Patent trollin’: Apple wins VirnetX patent appeal in long-running legal battle (but….)

The U.S. Supreme Court on Tuesday declined to hear patent-licensing company VirnetX’s bid to revive a $502.8 million jury verdict it won against Apple.

Apple has convinced a U.S. appeals court to uphold a patent tribunal’s ruling that could imperil an US$502 million verdict for VirnetX in the companies’ long-running fight over privacy-software technology, reports Reuters.

The article says the tech giant convinced the US Court of Appeals for the Federal Circuit to invalidate two patents by upholding a decision from the USPTO’s Patent Trial and Appeal Board. The appeals court could overturn the $502 million fine that Apple was ordered to pay in 2020. The company separately appealed that verdict, but the Federal Circuit still has to rule in that case, notes Reuters.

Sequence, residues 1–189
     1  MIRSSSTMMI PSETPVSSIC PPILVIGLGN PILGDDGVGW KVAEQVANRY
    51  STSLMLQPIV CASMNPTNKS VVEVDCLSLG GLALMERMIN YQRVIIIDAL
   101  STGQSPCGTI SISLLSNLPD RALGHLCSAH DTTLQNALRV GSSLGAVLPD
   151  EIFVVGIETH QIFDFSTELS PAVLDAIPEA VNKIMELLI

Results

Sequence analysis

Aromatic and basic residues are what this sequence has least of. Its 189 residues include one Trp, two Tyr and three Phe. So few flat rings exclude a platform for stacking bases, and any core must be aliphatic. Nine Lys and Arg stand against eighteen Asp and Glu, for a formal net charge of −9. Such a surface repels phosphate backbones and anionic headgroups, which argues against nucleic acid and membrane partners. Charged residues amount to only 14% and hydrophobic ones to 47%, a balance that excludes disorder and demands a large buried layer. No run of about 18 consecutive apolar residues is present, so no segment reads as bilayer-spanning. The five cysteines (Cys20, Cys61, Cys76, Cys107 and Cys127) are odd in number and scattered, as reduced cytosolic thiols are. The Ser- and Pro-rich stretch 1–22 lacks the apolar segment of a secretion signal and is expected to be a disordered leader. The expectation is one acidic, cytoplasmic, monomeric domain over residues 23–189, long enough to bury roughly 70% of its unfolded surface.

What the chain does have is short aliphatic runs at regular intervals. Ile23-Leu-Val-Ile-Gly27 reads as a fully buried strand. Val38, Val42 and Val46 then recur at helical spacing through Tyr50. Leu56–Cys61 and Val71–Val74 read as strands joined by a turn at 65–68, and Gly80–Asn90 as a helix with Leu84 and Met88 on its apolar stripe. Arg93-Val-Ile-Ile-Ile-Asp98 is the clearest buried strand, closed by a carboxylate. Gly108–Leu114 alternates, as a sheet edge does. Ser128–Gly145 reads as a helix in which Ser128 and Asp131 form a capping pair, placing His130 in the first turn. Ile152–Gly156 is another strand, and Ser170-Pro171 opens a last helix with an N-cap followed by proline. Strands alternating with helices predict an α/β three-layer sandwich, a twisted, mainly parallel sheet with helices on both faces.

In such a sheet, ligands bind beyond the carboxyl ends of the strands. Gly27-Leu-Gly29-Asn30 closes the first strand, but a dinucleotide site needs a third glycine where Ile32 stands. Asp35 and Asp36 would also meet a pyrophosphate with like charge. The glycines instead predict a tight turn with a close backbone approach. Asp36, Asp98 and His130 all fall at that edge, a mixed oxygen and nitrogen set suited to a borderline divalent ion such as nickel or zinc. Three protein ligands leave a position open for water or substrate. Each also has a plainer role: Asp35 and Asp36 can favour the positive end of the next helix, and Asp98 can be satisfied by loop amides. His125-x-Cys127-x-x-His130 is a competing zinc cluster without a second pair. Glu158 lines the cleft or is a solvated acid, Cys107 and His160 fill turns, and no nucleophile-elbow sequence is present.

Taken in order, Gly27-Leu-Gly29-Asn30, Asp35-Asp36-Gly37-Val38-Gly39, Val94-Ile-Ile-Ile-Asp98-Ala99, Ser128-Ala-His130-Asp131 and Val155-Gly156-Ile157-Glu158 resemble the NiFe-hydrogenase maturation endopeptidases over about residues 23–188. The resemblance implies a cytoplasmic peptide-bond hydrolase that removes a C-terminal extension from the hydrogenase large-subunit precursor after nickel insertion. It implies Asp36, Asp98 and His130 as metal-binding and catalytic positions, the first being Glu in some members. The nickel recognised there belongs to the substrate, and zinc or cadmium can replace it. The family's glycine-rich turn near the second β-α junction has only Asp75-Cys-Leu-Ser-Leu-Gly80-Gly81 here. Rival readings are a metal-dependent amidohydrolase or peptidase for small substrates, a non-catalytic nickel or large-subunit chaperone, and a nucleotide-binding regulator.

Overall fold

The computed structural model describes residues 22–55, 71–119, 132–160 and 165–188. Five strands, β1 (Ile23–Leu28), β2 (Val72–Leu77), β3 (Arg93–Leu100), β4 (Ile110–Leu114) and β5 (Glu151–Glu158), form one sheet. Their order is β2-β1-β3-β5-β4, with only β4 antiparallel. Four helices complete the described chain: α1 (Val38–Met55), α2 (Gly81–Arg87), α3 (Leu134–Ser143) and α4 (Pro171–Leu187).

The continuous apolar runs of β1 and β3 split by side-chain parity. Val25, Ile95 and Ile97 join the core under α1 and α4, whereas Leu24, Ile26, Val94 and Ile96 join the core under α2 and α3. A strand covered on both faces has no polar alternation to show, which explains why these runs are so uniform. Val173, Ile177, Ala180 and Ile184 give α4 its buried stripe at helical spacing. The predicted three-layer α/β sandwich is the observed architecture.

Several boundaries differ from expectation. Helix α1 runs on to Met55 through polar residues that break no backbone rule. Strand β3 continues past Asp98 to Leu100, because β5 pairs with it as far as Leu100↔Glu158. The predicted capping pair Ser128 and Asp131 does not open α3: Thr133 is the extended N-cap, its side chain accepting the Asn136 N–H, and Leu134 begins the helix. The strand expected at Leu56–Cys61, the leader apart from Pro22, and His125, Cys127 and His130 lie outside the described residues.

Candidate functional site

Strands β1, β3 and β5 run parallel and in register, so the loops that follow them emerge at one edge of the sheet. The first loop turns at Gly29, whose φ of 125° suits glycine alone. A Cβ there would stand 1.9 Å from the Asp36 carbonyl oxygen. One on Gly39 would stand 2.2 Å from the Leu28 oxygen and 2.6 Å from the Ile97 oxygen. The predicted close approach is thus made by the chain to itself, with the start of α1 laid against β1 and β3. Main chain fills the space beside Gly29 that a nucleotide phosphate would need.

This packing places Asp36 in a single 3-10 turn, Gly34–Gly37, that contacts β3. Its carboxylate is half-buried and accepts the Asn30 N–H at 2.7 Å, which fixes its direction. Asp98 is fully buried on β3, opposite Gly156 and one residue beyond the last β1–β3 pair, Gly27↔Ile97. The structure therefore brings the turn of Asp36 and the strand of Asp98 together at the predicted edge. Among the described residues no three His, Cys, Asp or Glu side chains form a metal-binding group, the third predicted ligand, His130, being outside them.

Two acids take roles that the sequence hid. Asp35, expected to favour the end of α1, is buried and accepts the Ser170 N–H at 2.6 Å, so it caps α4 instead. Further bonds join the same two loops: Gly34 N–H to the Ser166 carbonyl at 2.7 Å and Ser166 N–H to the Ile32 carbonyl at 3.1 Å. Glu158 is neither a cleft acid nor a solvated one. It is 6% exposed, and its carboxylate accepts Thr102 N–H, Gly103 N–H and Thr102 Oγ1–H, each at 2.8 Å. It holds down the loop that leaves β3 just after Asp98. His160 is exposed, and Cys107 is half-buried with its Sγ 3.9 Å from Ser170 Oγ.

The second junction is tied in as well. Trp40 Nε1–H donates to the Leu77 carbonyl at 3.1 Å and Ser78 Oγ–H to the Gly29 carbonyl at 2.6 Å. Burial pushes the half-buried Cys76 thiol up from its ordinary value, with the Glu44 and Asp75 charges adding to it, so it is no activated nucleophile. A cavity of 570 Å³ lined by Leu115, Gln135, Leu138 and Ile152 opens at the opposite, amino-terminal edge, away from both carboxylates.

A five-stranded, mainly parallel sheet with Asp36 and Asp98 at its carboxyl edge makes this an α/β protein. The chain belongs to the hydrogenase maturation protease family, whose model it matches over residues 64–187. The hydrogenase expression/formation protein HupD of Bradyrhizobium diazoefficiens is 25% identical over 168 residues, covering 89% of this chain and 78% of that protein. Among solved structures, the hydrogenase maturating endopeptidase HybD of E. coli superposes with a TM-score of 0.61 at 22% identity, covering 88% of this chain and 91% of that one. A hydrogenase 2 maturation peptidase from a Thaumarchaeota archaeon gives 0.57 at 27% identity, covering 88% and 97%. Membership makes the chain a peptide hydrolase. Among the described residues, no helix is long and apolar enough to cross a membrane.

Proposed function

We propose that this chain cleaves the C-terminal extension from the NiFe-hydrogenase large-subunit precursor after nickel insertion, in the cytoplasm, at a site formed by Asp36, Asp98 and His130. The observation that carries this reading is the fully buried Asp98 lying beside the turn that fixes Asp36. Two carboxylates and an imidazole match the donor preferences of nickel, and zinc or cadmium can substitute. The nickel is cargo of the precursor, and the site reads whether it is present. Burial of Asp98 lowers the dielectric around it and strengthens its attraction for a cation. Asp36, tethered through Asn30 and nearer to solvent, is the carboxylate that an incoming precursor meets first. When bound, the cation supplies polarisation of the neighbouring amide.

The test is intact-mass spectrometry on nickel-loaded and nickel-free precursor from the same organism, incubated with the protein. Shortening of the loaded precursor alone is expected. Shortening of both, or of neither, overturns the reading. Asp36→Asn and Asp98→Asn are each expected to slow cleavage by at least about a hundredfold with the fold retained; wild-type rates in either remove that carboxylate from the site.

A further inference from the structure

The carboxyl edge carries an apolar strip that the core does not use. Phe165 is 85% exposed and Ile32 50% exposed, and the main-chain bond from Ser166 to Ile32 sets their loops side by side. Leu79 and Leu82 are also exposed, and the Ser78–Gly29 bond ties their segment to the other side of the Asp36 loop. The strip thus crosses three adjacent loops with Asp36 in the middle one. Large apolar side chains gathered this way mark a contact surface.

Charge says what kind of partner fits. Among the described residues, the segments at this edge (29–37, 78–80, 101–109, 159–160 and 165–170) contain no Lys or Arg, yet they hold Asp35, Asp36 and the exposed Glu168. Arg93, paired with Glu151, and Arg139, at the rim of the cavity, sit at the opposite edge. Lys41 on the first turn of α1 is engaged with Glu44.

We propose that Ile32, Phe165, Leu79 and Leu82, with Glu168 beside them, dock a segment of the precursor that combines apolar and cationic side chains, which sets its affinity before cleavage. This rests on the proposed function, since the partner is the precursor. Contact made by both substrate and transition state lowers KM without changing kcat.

This is part of a legal battle that’s been raging for close to eight years. In January 2014, VirnetX, considered by many (including me) to be a “patent troll,”  filed a motion with the U.S. District Court for the Eastern District of Texas seeking to supplement its infringement contentions against Apple, the defendant in a patent infringement lawsuit. The tech giant was accused of violating four patents. 

In April 2018, a jury found that Apple infringed all four and ordered the company to pay more than $500 million in damages, which was later raised to $600 million with fees and interest. But the damages award was thrown out by the Federal Circuit, which ruled in November 2021 that Apple had only infringed two of the four patents.

By the way, a patent troll is an individual or an organization that purchases and holds patents for unscrupulous purposes such as stifling competition or launching patent infringement suits. In legal terms, a patent troll is a type of non-practicing entity: someone who holds a patent but is not involved in the design or manufacture of any product or process associated with that patent.

Dennis Sellers
the authorDennis Sellers
Dennis Sellers is the editor/publisher of Apple World Today. He’s been an “Apple journalist” since 1995 (starting with the first big Apple news site, MacCentral). He loves to read, run, play sports, and watch movies.